Among the liberal elite, in his comic as in our lives, rapists and murderers receive sympathy and understanding; shunning is only for those who fight back. Oh, and of course, those who smoke.
p.s. no, i'm not demanding that the castrations begin immediately. baby steps, baby steps. a little deterrence might not be a bad place to start.
p.s. Jonah Goldberg promised some thoughts about this, I hope he comes through.
UPDATE: I forgot to add that Miller also makes a lot of fun of Reagan, which is why I wrote that the comic is anti-liberal, since it's not exactly conservative.
Tuesday, June 19, 2007
Monday, June 18, 2007
What if it made people withdraw into themselves, form fewer close friendships,
feel unhappy and powerless and stay home watching television in the evening
instead of attending a neighborhood barbecue or joining a community project?
Now what on earth is wrong and unhappy about staying home and watching television at night? I've been home for a week or so on vacation (head back to work in Cambridge tomorrow, blogging will be light), and my parents switched tv providers so that we now get AMC and TCM, and I don't know if I've ever been happier! Going to some lame barbecue to talk about the weather with half-strangers, or staying in to watch A Fistful of Dollars, as I did last night? I mean, come on, it's not even debatable!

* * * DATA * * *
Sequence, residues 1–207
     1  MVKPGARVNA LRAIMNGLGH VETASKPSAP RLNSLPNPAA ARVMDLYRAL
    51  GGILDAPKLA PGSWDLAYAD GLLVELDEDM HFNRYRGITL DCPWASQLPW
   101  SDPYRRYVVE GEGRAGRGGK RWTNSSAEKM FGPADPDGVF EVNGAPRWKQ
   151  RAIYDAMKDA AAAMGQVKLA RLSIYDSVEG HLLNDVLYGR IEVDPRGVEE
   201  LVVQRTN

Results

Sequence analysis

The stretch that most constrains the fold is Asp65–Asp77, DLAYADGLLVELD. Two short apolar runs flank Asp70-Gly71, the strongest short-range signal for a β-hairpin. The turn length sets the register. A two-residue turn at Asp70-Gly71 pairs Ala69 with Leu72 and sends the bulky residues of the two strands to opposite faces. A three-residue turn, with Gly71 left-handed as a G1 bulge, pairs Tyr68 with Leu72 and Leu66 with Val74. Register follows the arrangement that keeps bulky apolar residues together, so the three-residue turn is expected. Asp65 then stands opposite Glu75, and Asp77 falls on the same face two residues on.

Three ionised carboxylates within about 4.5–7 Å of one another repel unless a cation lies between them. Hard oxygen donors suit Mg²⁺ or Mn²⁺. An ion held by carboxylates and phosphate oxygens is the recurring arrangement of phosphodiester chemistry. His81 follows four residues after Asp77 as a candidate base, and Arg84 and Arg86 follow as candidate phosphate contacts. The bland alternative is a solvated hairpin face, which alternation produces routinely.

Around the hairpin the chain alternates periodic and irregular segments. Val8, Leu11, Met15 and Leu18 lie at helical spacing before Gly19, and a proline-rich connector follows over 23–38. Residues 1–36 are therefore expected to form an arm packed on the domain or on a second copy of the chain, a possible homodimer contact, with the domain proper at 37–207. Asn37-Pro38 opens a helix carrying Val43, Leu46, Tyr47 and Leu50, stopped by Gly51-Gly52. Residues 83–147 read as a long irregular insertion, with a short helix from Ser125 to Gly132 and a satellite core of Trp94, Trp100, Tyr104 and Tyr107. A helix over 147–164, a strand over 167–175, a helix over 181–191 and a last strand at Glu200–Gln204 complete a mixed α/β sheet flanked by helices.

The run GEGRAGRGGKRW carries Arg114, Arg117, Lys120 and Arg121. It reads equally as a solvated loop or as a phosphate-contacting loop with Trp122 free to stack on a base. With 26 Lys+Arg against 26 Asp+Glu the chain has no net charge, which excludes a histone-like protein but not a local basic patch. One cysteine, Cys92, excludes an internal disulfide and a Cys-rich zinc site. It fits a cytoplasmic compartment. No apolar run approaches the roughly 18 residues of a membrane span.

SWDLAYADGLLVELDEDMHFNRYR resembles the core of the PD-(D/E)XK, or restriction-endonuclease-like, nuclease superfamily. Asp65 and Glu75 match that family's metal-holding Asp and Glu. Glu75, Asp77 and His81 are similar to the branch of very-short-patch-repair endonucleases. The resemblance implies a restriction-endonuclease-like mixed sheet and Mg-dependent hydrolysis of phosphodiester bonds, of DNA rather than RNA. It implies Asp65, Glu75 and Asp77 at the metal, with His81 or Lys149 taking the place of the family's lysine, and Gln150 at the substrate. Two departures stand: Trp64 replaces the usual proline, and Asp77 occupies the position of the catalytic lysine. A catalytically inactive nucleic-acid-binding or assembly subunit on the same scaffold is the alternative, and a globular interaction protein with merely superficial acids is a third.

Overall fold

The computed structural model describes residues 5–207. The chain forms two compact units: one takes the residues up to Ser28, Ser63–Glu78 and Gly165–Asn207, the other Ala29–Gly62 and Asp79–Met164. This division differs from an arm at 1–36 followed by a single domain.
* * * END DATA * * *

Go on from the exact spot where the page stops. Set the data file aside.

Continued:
I mean, I am so in love with AMC and TCM right now, it's scary. Where have they been all my life? I even love the AMC commercials, when they have montages of all the movies playing that month (in this month's sequence, I cannot get enough of the Rebel Without a Cause scene where Natalie Wood starts off the car race). I don't know how I am going to live without them for the rest of the summer.
Oh, and the substance of those linked posts is terrific, too, fwiw.
Saturday, June 16, 2007
Teenage Amal Decides to Wear Hijab
Shelley Boettcher, Canwest News Service
Being a teenager isn't easy at the best of times, but 16-year-old Amal has
decided to do something that will complicate things further: wear a hijab full
Her parents and teacher try to talk her out of it - she was born and raised
in Australia - but she's made up her mind, and she doesn't want to back
It's not easy. First, there are the nasty girls at her new school. And
there's her crush on a non-Muslim boy. Then there's her best friends: one's
obsessed with her weight and the other has a bossy family.
This debut novel is funny, smart, serious, and fun.
It's for anyone who's ever felt like they didn't belong.
Does My Head Look Big in This?
By Randa Abdel-Fattah
Scholastic, 368 pages